Figures released in parliament show that there were 197,700 assessments where domestic violence was identified by social workers as a “relevant factor”.
The government has said it is working to address the impact of domestic abuse on children and will publish a refreshed cross-government Violence Against Women and Girls strategy “shortly”.
The figures were revealed by Home Office minister Karen Bradley in response to a parliamentary question by Labour MP for Coventry South Jim Cunningham.
Bradley said that, in total, 1.35 million women experienced domestic abuse in 2014/15. This is fractionally down on 2013/14, and represents a 21 per cent decrease on the 1.71 million women who experienced domestic violence in 2004/05.
She also cited Office for National Statistics figures showing that, in 2014/15, in 46 per cent of cases of partner abuse, a child was present in the household, of which 20 per cent of children saw or heard the abuse.
“The government works closely with charities, academics and statutory agencies to assess and address the impact of domestic abuse on children and wholly recognises the life-changing impact domestic abuse can have on the lives of children,” Bradley said.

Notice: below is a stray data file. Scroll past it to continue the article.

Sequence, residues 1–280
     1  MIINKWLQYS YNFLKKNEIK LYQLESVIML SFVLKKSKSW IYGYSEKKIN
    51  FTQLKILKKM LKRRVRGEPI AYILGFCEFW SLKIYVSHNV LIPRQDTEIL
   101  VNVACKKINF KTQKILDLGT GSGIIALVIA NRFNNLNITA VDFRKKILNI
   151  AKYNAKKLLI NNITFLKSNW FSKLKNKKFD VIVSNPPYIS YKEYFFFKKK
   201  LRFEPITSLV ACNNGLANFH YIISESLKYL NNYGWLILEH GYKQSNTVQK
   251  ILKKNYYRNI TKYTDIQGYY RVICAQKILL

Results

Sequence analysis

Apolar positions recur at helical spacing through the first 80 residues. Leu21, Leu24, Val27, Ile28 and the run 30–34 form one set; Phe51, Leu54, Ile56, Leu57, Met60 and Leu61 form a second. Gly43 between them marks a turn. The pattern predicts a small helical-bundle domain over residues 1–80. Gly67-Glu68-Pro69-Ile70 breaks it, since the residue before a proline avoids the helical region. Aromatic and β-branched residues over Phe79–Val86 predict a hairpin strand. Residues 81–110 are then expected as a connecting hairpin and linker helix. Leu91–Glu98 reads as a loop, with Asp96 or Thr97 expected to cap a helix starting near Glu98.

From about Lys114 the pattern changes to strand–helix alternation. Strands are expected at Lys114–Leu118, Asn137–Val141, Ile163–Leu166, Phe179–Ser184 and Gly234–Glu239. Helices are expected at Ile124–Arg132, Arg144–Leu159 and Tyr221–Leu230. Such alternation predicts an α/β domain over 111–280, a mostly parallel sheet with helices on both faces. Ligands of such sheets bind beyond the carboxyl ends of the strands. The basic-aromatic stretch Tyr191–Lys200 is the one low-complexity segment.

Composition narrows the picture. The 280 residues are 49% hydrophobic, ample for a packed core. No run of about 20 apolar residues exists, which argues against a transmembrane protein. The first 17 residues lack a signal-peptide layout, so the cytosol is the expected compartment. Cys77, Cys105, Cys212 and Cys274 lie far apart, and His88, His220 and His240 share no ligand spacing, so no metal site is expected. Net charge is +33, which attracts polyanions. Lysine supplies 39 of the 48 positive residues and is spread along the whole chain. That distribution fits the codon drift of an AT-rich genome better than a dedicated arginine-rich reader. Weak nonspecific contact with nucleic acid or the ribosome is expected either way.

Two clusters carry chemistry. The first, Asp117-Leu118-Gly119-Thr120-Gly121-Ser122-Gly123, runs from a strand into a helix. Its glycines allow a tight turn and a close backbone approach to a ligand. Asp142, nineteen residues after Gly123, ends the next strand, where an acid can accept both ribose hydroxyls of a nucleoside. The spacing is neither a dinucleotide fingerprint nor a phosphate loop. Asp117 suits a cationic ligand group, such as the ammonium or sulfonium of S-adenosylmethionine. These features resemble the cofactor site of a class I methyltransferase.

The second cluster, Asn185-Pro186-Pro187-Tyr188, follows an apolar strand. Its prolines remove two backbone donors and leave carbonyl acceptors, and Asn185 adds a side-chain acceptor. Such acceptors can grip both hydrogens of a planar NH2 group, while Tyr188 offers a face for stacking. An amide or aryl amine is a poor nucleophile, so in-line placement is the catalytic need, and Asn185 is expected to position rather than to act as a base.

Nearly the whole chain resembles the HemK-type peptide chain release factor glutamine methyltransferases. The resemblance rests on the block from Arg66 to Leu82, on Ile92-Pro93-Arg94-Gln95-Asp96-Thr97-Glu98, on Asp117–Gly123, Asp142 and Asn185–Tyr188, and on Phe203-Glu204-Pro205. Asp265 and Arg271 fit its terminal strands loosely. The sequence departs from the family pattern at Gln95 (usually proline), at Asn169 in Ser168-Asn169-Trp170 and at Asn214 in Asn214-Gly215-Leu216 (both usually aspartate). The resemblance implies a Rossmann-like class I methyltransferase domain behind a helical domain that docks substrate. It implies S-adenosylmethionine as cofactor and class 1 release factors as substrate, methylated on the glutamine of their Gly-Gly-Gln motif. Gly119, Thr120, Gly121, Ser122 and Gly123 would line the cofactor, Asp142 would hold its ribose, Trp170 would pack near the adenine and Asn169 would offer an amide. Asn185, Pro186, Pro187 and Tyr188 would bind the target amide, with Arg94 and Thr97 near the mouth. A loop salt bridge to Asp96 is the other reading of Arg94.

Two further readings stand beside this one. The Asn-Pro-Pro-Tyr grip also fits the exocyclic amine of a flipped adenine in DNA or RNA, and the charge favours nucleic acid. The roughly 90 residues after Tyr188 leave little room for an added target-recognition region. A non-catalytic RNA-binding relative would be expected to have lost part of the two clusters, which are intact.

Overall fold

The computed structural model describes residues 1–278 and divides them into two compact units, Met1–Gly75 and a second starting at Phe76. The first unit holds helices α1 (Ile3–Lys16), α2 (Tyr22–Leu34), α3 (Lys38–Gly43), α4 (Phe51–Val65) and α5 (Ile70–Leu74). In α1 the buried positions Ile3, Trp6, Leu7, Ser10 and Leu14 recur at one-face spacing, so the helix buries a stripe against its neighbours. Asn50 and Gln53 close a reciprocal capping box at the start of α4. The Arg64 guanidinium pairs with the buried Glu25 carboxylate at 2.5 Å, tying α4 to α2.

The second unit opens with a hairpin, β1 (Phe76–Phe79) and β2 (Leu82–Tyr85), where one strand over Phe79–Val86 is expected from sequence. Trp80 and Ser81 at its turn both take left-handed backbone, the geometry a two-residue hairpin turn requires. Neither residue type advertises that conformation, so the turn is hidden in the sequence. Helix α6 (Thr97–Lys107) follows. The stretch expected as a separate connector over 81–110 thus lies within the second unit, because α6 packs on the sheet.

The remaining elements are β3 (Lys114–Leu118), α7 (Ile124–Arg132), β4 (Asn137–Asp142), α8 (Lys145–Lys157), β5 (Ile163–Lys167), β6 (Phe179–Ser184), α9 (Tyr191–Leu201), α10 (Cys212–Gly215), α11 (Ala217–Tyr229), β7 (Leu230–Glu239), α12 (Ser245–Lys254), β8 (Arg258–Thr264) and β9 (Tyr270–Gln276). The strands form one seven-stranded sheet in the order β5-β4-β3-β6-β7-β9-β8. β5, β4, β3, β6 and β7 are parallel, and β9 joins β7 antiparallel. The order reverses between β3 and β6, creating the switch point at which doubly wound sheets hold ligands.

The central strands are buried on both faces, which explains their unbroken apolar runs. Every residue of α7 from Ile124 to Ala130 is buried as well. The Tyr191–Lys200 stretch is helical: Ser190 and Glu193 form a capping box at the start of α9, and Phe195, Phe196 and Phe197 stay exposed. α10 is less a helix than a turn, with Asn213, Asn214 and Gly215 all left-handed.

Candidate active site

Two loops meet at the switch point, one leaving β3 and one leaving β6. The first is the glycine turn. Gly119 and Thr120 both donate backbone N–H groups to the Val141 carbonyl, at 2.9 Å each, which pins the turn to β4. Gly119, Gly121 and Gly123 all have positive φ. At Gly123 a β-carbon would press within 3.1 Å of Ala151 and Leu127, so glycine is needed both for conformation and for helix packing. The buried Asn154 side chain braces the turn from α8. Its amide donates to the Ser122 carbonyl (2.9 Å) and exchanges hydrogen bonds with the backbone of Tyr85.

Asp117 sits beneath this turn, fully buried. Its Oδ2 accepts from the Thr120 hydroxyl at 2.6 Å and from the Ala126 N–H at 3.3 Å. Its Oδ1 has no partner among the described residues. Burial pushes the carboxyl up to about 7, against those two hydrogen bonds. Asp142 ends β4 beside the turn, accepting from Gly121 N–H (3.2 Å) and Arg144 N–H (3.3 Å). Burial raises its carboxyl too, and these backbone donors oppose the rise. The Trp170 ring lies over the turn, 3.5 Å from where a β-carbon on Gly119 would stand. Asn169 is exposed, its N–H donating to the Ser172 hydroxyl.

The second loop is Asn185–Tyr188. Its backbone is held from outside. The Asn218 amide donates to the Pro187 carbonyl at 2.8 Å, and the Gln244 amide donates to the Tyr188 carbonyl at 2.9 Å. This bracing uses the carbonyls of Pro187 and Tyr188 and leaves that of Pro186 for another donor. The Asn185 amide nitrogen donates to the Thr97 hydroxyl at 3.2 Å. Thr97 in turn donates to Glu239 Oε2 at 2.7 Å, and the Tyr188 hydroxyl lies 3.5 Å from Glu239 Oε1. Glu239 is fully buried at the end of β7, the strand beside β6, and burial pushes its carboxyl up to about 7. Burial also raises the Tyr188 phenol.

“Improvements have been made to the police response to domestic abuse, and we are supporting multi-agency working, which takes a whole family approach.
"Government will shortly publish a refreshed cross-government Violence Against Women and Girls strategy setting out how it will do more to support victims and their children."
Jenny Coles, chair of the families, communities and young people policy committee at the Association of Directors of Children's Services, said its own research conducted in November 2014 shows that domestic abuse, parental mental health and substance misuse are all significant presenting issues in child protection assessments and common reasons why children are taken into care.
"Child protection work is complex and no one should underestimate how hard local authorities are working, together with our partners in the police, health services and the voluntary sector to raise awareness of the effects of domestic abuse and protect vulnerable families," she said.
"This is something councils take very seriously and in my own local authority, in Hertfordshire, all of the key agencies involved in dealing with domestic abuse have created a joint strategy to improve the way we tackle it and provide support to victims.
"But the ‘toxic trio’ is sadly becoming more prevalent in our society and work with families, not less.”